Thus affairs at Rome returned to their former state; and successes abroad immediately excited commotions in the city.
Caius Terentillus Arsa1
was tribune of the people in that [p. 169]
year: he, considering that an opportunity was afforded for tribunitian intrigues during the absence of the consuls, after railing against the arrogance of the patricians for several days before the people, inveighed chiefly against the consular
authority, as being exorbitant and intolerable in a free state: "for that, in name
only, it was less invidious, in reality almost more oppressive than that of kings. For that two masters had been
adopted instead of one, with unbounded, unlimited power; who, themselves unrestrained and unbridled, directed all the terrors of the law, and all kinds of severity against the commons. Now, in order that this licentious power might not continue perpetual, he would propose a law, that five persons be appointed to draw up laws regarding the consular
power. That the consul should use that right which the people may give him over them; that they should not hold their own caprice and licentiousness as law. This law being published, when the patricians became afraid, lest, in the absence of the consuls, they should be subjected to the yoke, the senate is convened by Quintus Fabius, praefect of the city, who inveighed so vehemently against the bill and the author of it, that nothing was omitted of threats and intimidation, even
though both the consuls in all their exasperation surrounded the tribune, “that he had lain in wait, and, watching his opportunity, he made an attack on the commonwealth. If the gods in their anger had given them any tribune like him on the preceding year, during the pestilence and war, he could not have been withstood. Both the consuls being dead, and the exhausted state lying enfeebled in universal confusion,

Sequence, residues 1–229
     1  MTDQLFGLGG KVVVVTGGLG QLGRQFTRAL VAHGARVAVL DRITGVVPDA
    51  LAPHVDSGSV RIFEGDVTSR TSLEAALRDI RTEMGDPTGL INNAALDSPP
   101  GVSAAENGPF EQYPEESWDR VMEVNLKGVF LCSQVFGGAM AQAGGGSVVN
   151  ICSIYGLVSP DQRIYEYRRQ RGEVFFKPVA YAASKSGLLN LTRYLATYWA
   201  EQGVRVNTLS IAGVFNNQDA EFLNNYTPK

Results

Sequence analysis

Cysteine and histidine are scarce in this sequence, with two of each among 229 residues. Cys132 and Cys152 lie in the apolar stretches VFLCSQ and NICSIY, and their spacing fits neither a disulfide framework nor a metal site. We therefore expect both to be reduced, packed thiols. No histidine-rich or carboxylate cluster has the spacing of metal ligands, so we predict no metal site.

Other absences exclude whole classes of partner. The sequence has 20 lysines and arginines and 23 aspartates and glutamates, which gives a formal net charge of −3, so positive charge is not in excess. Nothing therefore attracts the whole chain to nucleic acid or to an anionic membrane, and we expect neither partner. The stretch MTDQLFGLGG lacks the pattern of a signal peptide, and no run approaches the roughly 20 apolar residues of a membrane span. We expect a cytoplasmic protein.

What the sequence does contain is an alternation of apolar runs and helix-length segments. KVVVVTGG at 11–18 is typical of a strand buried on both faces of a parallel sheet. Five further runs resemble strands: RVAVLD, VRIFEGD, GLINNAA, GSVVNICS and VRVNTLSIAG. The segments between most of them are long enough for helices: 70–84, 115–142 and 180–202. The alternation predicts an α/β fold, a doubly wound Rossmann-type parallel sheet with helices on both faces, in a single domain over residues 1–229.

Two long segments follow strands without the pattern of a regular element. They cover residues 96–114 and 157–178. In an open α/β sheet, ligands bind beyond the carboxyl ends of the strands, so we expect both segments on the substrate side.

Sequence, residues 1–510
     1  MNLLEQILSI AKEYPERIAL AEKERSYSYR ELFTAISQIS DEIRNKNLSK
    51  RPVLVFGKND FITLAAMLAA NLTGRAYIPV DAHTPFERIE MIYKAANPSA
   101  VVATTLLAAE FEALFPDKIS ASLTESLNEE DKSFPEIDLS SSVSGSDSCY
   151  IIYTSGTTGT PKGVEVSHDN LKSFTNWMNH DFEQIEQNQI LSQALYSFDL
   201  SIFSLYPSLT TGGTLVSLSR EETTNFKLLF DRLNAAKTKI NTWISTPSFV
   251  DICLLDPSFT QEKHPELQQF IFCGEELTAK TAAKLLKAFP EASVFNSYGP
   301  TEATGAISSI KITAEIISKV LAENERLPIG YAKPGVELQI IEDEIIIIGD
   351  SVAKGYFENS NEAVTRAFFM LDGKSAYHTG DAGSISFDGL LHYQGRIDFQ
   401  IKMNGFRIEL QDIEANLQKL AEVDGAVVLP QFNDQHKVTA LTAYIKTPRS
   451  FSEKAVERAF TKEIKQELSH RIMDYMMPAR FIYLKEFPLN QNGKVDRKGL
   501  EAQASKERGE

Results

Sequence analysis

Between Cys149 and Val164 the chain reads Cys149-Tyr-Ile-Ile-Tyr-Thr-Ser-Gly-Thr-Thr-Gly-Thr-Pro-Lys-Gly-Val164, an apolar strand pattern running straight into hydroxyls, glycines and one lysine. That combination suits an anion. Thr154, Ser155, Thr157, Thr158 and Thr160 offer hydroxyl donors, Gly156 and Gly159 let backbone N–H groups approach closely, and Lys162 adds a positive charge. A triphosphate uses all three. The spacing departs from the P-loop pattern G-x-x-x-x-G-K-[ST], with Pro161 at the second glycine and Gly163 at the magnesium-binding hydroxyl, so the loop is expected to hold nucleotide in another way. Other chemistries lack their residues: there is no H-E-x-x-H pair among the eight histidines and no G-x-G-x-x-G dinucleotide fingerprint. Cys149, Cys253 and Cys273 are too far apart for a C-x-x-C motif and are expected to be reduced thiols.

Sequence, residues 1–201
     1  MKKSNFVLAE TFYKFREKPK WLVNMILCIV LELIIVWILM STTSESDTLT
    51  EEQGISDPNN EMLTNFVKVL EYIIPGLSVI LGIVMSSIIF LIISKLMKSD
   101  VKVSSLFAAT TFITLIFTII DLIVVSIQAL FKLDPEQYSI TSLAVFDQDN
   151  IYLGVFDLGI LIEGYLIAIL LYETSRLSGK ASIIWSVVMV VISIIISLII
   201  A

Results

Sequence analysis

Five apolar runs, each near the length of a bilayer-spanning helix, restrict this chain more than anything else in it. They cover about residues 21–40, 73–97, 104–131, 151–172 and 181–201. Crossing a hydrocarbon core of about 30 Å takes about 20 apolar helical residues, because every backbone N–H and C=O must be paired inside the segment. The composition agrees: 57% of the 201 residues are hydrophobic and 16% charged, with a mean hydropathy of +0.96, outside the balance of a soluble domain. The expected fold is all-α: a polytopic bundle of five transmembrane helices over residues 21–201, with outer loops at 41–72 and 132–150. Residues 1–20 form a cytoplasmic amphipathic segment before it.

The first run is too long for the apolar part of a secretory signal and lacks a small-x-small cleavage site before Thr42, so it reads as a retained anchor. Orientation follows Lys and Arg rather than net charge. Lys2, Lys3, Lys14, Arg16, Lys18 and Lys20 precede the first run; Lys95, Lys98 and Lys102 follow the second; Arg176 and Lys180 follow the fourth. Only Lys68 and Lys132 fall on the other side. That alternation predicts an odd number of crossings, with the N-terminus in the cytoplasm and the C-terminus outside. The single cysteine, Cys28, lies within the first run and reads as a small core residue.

that he would have proposed laws to abolish the consular government altogether from the state; that he would have headed the Volscians and Aequans to attack the city. What? if the consuls adopted any tyrannical or cruel proceedings against any of the citizens, was it not
competent to him to appoint a day of trial for him; to arraign him before those very judges against any one of whom severity may have been exercised? That it was not the consular authority but the tribunitian power that
he was rendering hateful and insupportable: which having been peaceable and reconciled to the patricians, was now about to be brought back anew to its former mischievous habits. Nor would he entreat him not to go on as he commenced. Of you, [p. 170]
the other tribunes, says Fabius, we request, that you will first of all consider that that
power was provided for the aid of individuals, not for the ruin of the community: that you were created tribunes of the commons, not enemies of the patricians. To us it is distressing, to
you a source of odium, that the republic, now bereft of its chief magistrates, should be attacked; you will diminish not your rights, but the odium against you. Confer with your colleague, that he may postpone this business till the arrival of the consuls; even the Aequans and the Volscians, when our consuls were carried off by pestilence last year, did not press on us with
a cruel and tyrannical war.” The tribunes confer with Terentillus, and the bill being to all appearance deferred, but in reality abandoned, the consuls were immediately sent for.